Gov. Scott Walker (Photo: WRN)

Gov. Scott Walker (Photo: WRN)

Governor Scott Walker has signed legislation that prevents the future use of John Doe proceedings to investigate cases of political misconduct.

The changes come after two highly controversial cases involving the secret probes, which targeted the governor, employees in the Milwaukee County executive’s office when he held the position, and conservative political groups. The first probe resulted in six convictions, while the state Supreme Court halted the second investigation earlier this year. Walker was never charged under either investigation.

Republicans contend the changes were needed because of how the John Doe process was abused by prosecutors. The investigations require most evidence to be kept under tight seal, with prosecutors and targets not being allowed to publicly discuss the cases. However, details about both probes were frequently leaked and Republicans seized on reports of raids on the homes of targets as evidence that the process was being used to harass conservative backers of Walker’s agenda.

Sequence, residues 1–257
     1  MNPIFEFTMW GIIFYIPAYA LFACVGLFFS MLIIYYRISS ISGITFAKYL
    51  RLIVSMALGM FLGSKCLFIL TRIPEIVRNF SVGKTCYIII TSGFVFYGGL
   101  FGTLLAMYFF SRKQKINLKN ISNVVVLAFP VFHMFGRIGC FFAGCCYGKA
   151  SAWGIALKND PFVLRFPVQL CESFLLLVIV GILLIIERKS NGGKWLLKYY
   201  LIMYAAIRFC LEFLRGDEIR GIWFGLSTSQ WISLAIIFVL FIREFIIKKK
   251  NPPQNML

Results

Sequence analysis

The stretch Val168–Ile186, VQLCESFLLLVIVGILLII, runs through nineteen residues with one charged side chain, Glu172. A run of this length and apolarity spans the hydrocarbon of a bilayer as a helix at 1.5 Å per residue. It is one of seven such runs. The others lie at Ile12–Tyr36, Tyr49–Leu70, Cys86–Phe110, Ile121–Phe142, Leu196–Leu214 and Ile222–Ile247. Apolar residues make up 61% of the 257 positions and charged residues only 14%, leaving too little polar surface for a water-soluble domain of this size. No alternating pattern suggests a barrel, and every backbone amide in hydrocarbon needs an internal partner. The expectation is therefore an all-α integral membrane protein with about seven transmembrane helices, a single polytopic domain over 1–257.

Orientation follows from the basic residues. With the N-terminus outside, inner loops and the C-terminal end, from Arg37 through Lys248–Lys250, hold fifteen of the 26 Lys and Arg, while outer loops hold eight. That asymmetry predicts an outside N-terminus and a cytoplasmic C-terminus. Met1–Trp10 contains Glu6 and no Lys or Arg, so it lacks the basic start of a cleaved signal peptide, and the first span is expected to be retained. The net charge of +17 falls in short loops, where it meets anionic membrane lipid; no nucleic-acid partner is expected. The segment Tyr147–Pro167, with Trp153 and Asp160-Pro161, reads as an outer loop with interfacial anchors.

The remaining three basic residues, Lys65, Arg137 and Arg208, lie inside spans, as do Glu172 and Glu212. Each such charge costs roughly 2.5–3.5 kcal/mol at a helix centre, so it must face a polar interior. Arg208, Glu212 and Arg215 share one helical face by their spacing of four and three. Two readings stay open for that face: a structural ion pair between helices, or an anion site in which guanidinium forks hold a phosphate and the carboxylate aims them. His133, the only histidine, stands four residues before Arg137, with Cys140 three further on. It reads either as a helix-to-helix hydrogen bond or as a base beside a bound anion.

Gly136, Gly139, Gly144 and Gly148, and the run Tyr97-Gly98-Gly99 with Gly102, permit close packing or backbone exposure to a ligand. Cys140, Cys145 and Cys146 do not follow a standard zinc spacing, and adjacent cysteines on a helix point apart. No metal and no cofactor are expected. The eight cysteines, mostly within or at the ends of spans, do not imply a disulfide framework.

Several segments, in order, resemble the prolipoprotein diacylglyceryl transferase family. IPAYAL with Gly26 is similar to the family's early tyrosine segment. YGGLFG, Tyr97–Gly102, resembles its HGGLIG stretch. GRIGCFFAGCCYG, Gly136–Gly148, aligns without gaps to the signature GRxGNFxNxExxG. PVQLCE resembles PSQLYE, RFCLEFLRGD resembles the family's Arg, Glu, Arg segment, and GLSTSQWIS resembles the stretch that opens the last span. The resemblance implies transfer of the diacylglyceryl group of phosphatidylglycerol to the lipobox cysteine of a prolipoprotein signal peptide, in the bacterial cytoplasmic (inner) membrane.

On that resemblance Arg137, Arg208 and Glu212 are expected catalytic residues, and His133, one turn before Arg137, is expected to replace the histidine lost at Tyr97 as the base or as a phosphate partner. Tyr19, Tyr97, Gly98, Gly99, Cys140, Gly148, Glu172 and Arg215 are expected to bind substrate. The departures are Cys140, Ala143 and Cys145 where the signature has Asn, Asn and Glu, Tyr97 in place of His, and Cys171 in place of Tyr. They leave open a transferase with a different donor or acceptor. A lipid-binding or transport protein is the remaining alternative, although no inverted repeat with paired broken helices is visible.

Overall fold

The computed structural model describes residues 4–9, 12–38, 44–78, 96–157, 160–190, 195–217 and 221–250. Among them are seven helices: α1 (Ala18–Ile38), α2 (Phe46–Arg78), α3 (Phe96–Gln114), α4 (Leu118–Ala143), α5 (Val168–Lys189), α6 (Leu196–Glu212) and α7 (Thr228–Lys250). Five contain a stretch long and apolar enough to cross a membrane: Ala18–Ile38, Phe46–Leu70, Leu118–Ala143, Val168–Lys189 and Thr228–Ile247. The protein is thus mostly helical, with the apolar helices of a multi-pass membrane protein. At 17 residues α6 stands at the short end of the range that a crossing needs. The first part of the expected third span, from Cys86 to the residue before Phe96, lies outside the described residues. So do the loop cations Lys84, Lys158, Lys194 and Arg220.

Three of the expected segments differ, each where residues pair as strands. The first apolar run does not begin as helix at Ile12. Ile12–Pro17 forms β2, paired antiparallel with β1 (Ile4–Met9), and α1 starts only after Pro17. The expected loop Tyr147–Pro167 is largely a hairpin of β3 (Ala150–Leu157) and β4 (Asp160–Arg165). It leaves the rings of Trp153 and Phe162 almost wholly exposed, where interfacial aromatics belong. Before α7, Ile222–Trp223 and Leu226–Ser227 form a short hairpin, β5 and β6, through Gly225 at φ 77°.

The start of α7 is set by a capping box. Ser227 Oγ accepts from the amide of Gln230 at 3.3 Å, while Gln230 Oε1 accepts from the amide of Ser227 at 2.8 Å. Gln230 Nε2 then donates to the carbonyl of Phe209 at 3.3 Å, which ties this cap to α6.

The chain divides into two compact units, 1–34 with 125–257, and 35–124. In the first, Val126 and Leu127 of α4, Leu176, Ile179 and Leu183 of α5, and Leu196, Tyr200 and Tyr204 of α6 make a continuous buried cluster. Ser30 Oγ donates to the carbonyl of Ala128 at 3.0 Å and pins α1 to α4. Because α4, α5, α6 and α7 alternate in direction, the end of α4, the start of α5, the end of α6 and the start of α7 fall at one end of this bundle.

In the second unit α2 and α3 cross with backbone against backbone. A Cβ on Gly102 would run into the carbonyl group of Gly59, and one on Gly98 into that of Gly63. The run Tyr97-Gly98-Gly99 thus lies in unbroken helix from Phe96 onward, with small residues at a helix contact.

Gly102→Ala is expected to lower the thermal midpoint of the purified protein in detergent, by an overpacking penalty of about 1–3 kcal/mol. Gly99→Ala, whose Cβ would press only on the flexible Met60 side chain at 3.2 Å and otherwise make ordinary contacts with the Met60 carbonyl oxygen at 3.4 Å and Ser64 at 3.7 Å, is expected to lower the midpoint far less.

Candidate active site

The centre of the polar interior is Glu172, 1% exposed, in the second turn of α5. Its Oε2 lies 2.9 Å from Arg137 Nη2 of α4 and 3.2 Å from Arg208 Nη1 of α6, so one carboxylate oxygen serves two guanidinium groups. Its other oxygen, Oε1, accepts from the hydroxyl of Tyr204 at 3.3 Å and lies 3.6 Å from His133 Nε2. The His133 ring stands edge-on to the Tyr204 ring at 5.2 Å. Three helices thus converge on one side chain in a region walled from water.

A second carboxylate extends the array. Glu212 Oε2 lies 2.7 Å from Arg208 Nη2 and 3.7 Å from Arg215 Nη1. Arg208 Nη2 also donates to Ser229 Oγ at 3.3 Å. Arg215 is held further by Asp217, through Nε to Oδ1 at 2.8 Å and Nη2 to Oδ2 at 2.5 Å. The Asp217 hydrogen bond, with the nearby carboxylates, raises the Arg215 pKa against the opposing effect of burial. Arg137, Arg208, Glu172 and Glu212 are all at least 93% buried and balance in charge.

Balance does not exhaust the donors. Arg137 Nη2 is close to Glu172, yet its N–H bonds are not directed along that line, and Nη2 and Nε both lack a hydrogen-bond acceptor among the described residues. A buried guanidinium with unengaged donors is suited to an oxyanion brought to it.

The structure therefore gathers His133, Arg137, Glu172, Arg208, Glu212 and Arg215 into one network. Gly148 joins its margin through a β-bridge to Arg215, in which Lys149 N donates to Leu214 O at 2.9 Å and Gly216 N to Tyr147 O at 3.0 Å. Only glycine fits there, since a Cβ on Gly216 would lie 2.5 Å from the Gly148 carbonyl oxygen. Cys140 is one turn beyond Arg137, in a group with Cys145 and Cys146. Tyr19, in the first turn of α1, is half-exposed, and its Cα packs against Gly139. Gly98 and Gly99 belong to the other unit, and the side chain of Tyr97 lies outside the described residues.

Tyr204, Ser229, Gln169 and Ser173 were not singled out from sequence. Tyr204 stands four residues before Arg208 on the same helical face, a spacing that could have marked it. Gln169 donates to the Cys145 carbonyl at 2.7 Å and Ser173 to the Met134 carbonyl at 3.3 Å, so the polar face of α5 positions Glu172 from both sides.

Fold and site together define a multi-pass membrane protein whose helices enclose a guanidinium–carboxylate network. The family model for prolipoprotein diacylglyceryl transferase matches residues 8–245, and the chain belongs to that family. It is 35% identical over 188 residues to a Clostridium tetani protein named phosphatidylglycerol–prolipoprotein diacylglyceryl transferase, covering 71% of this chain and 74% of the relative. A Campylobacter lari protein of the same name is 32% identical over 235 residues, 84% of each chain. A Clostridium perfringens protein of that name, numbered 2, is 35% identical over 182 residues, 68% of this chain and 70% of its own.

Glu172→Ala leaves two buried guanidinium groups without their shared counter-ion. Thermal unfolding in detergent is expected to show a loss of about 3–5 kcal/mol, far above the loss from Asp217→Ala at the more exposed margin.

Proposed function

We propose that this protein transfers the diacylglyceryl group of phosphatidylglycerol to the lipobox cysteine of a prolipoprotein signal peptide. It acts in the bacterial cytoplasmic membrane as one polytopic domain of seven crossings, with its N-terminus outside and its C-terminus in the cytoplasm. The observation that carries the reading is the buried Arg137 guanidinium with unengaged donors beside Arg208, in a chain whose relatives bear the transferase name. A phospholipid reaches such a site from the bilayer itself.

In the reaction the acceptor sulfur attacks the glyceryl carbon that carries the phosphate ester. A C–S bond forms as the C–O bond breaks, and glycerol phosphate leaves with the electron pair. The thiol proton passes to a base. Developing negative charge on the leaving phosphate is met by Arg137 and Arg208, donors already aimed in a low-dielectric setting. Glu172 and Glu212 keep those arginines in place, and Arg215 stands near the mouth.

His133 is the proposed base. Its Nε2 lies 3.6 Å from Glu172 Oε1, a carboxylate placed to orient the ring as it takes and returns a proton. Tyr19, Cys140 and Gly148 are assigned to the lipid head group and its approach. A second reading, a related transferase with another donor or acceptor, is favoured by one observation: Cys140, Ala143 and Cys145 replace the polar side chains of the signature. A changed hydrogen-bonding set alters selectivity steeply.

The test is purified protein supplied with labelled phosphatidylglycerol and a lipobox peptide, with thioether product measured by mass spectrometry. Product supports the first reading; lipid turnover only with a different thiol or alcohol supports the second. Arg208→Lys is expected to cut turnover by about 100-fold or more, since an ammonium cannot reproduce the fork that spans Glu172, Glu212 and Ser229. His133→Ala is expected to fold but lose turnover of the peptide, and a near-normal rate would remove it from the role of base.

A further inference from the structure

The second investigation, often referred to as “John Doe 2,” was looking into allegations that Walker’s campaign and conservative groups were illegally coordinating campaign efforts while the governor was the target of a recall in 2012. The state Supreme Court ruled this summer that such coordination was not illegal though, ending the investigation.

Critics of the legislation argue the changes will make it harder to root out political corruption, because the John Doe provides a layer of protection to targets in order to keep details from becoming public. While sponsors maintain grand jury proceedings can still be used for political crimes, state Rep. Dana Wachs (D-Eau Claire) was among Democrats who referred to the bill as the “corrupt politician protection act” during debate in the Assembly earlier this week. Wachs argued the bill basically says “John Doe is appropriate for everybody in Wisconsin…except for people accused of criminal activity in the political sphere.

Prosecutors will still be able to use John Doe proceedings to investigate drug crimes and violent felonies.

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